• Establishes tenants’ and homeowners’ rights to legal assistance when facing eviction or foreclosure
  • Funds legal assistance to help tenants’ and homeowners protect their rights in court
  • Directs Congressional Oversight Commission, established by the CARES Act, to oversee landlord and mortgage servicer conduct
  • Prohibits use of any federal funds for rental assistance being used for purchasing foreclosed or distressed properties 

Advocates, Experts Praise Harris’ RELIEF Act Protecting Renters and Homeowners Amid the COVID-19 Pandemic

WASHINGTON, D.C. — U.S. Senator Kamala D. Harris (D-CA) on Thursday announced the Rent Emergencies Leave Impacts on Evicted Families (RELIEF) Act, legislation that keeps renters and homeowners in their homes during the COVID-19 pandemic. The RELIEF Act bans evictions and foreclosures for a year; prevents utility shutoffs and negative credit reporting; prohibits rent increases; and expands legal protections for borrowers and renters.

The proposal received praise from a number of advocates:

“This package will go a long way towards ensuring we do not repeat the mistakes of the last crisis when millions of families were displaced and wealth was transferred from Black and BIPOC communities to private equity, Wall Street and REIT purchasers of foreclosed homes. We need strong protections for homeowners, tenants and mom and pop landlords, we need to track such efforts so that relief finally reaches the hardest hit communities, and we need community control of distressed and foreclosed properties. We thank Senator Harris for taking these important steps,” said Kevin Stein, Deputy Director, California Reinvestment Coalition.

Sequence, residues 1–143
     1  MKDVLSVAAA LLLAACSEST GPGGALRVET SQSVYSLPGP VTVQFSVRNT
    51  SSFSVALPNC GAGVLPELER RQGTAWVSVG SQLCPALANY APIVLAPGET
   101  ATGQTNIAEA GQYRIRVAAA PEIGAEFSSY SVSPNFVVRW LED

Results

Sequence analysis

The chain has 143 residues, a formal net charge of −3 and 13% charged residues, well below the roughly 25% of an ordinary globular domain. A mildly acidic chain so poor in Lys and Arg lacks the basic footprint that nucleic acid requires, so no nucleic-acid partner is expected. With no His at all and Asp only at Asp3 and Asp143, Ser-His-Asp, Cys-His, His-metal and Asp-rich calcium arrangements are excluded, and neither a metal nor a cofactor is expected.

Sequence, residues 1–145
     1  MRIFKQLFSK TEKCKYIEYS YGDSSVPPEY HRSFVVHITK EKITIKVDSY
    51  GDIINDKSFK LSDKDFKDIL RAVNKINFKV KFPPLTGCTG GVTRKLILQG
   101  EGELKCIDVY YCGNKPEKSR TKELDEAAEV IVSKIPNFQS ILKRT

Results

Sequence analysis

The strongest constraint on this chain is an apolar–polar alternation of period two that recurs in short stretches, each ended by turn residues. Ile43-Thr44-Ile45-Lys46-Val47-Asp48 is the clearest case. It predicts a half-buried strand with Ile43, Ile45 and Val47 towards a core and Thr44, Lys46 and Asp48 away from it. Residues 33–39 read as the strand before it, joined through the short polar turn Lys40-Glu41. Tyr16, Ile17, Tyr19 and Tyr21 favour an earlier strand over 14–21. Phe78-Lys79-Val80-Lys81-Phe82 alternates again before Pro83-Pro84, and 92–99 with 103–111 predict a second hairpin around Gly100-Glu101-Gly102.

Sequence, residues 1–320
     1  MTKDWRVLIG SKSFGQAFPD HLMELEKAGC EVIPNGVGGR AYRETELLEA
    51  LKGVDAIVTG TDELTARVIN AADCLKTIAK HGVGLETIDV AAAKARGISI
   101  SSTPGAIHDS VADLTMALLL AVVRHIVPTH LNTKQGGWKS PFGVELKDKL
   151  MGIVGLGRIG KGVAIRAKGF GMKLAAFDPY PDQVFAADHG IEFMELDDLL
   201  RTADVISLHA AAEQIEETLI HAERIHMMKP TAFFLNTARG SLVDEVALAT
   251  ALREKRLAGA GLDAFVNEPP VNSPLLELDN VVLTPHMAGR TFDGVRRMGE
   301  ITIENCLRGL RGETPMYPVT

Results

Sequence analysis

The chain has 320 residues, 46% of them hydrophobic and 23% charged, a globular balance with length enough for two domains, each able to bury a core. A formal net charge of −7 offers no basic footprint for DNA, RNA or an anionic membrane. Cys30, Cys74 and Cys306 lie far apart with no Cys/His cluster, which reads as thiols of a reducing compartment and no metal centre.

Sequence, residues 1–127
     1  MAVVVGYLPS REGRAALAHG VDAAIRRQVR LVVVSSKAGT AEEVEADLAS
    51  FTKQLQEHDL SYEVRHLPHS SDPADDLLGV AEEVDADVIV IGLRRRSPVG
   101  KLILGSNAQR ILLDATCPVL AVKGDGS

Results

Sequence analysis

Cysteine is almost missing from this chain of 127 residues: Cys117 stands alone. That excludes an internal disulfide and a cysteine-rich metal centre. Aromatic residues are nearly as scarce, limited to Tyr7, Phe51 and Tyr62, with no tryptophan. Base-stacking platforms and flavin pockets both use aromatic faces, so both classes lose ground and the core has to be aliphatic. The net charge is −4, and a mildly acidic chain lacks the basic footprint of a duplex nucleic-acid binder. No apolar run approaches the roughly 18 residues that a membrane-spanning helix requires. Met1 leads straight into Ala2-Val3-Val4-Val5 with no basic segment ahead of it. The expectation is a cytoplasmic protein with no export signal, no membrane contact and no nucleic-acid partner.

“The COVID-19 pandemic is both a public health emergency and economic crisis unlike anything we have seen in this country in decades and Black people are being disproportionately impacted on both fronts. In the midst of this pandemic, as state and local moratoriums end, we are facing the possibility of an eviction catastrophe. We need immediate action to implement a national moratorium on foreclosures and evictions.  No family should be concerned about losing their home during this pandemic,” said Sherrilyn Ifill, President and Director-Counsel, NAACP Legal Defense and Educational Fund, Inc. (LDF)

“With the RELIEF Act, Senator Harris demonstrates the scope of the housing crisis that existed before the pandemic, that has been exacerbated by the crisis, and that will follow this moment in U.S. history if we don’t make significant systemic change. She also demonstrates that we can begin the work. The Relief Act, as outlined in the section by section, along with a number of bills currently before Congress, will make great strides toward housing stability for vulnerable Americans,” said Shamus Roller, Executive Director, National Housing Law Project.

“For those families impacted by COVID-19, housing should be their least worry. We support efforts to protect homeowners and renters from eviction and foreclosure while also providing liquidity to mortgage servicers and landlords on federally-backed mortgages. We will need some time for dislocated renters, homeowners, to get back on their feet.  We applaud Senator Harris’ intent and legislative direction,” said Faith Schwartz, President, Housing Finance Strategies.

“As the pandemic continues to shine a light on long-standing disparities, we continue to see how housing is not treated as a right for all Americans. We need legislation like the RELIEF Act to make sure that people can keep a roof over their heads. It contains critical solutions like banning evictions and foreclosures, rent increases, and utility shutoffs while protecting tenants, providing housing counseling, and holding bad landlords accountable. Senator Harris’s legislation shows a strong commitment to equity and social justice in housing; it’s something every senator should support,” said Marc Morial, President and CEO of the National Urban League.